‘Some of the recent difficulties of Hewlett-Packard, British Petroleum, CEOs of failed Wall Street firms, and dozens of leaders who failed in the post-Enron era are examples of this.(lack of mindfulness)’*

Q: What is mindful leadership, and what are its benefits?

A: Mindfulness is a state of being fully present, aware of oneself and other people, and sensitive to one’s reactions to stressful situations. Leaders who are mindful tend to be more effective in understanding and relating to others, and motivating them toward shared goals. Hence, they become more effective in leadership roles.*
Mindfulness isn’t new, many cultures have used it for hundreds of years and even in western businesses it has been celebrated. Daniel Goleman wrote about it in 1990 although he called it Emotional Intelligence and many now see this as more important in a leader than IQ.
Now cast you mind back to your working day; did you or people around you?
  • check emails when talking to someone on the phone
  • constantly think about all the work you had to get through when you were at a meeting
  • do work when on a conference call
  • Flick between tasks due to interruptions
  • eat lunch,work, text, check social media
  • MY FAVOURITE sit in a course or meeting glued to your blackberry only engaging when it suited you

This is not an exhaustive list of multitasking, please add your own examples

What’s more is that Clifford Nass, a researcher at Stanford assumed that those who multitask heavily will nonetheless develop some other outstanding skills. He thought that they will be amazing at 1. filtering information, 2. being very fast at switching between the tasks and 3. keeping a high working memory.

He found that none of these 3 points are true:

We were absolutely shocked. We all lost our bets. It turns out multitaskers are terrible at every aspect of multitasking.

People who multitask a lot are in fact a lot worse at filtering irrelevant information and also perform significantly worse at switching between task, compared to singletaskers.

Now most studies all point towards the fact that multitasking is very bad for us. We get less productive and skills like filtering out irrelevant information decline.

So before you book your meditation classes (I thoroughly recommend meditation but that’s another post). its back to basics. Plan our tasks. Be present. Complete one thing at a time and do it well. Pay attention to the people around us that we are interacting with…really listen and observe before taking action or speaking.

The number 1 complaint I have on Change courses is that people don’t feel they are being listened to. Such a simple habit / behaviour to help people through change.

If you would like to know more about mindfulness you could start here http://www.amazon.co.uk/Wherever-You-There-Are-Mindfulness/dp/0749925485

* extract from HBR

Let me know your thoughts in the comments box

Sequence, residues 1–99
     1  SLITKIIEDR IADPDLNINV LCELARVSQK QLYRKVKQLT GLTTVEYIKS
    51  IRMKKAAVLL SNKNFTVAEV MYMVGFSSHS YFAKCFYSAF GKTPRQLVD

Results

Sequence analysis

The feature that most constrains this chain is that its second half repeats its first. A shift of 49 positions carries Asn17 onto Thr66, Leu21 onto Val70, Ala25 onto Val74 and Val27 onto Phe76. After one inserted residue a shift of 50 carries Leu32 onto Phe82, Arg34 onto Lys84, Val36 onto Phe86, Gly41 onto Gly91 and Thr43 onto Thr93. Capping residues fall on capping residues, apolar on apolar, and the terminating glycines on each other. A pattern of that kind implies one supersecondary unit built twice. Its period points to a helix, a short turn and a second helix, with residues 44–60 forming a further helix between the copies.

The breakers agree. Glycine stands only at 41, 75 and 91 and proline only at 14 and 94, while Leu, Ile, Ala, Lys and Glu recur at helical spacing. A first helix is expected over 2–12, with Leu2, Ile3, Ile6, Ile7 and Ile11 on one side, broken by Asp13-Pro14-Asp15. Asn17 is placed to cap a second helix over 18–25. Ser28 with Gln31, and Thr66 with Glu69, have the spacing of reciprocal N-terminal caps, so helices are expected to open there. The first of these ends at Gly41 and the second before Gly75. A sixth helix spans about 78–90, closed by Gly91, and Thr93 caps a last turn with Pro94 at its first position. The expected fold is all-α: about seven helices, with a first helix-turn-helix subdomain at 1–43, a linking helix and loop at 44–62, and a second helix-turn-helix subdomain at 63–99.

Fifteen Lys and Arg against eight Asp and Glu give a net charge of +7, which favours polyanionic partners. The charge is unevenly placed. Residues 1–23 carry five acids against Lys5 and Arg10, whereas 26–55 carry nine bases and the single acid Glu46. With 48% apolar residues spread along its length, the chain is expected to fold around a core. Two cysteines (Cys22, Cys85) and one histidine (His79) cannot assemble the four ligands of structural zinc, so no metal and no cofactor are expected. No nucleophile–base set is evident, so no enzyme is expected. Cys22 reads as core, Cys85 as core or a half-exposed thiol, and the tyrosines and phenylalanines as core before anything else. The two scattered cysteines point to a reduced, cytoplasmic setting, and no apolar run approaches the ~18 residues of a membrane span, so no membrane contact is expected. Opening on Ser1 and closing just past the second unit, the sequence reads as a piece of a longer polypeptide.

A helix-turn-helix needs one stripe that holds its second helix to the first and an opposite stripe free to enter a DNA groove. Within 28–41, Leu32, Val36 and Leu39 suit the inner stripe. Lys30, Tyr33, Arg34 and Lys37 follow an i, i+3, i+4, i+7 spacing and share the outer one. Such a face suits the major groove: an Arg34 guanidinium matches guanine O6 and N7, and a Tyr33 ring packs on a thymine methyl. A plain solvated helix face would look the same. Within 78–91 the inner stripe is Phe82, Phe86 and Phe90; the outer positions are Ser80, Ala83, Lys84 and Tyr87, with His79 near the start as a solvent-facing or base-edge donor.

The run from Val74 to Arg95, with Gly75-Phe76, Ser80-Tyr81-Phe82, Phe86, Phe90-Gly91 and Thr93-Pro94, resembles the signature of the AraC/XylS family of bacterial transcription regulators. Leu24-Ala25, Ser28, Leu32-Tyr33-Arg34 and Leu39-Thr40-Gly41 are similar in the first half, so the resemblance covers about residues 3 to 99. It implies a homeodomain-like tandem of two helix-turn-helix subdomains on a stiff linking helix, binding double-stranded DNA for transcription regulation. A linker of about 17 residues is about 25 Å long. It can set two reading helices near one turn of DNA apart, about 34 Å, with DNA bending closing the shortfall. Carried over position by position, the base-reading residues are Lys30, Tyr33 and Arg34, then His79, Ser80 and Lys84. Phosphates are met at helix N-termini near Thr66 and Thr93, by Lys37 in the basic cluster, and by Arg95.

A great TED video about monotasking is below.

The 3 R’s to stop you being overwhelmed

Everyone at times can feel as if we have the weight of the world on your shoulders. Many people will grin and bare it, work extra hours and hope that things will get better.

We start saying things like ‘ I wish I had more time in the day’

Sometimes we get through this and sometimes it can have an effect on our home life and health.

The 3R’s is a technique to help.

Relax – Easier said than done, however, putting more and more pressure on yourself is not going to solve anything. Someone once said to me when I was stressing about getting everything done before going on holiday ‘Is anybody going to be physically hurt? Will the department grind to a halt? Is a week away from your desk going to matter?Who can support you when you are away?’. They got me to be more rational about the situation and for me to start seeing who could help.

Ultimately, if you don’t relax and look for support you will burn out and who does that help?

Taking emoition out the equation helps with the next stage.

Review – Take time to review what you have to do

What can you control? Break down everything that you think you have to do using the matrix below. In order to feel more in control and more calm, break down that weight from your shoulders into smaller chunks. What is urgent and what is important. NB. if home life is important to you it should be in the High Importance and Urgent box!

What can you influence? – This is about getting support. We cannot be all things to all people, think about

  • Can I get extensions on timescales?
  • Am I the right person for this task?
  • Am I taking on things because I want to please people around me?
  • Can I delegate some of this work?
  • Is my ego and preference for being in control stopping me from asking for support?

What is outside my control? – Sometimes we put ourselves under pressure by worrying about stuff that is outside our control and influence. It’s a waste of your energy and time. Accept that it is outside your control and concentrate on what you can change.

Re-boot

Just as wehave to re-boot computers when they have taken on new updates or are working inefficiently we should re-boot ourselves after the above.

Think about your

Focus – Stick to what you have planned. Don’t fall back into dealing with box 4

Openness – Be open to other peoples offers of support and advice. Be flexible, tasks will move around the box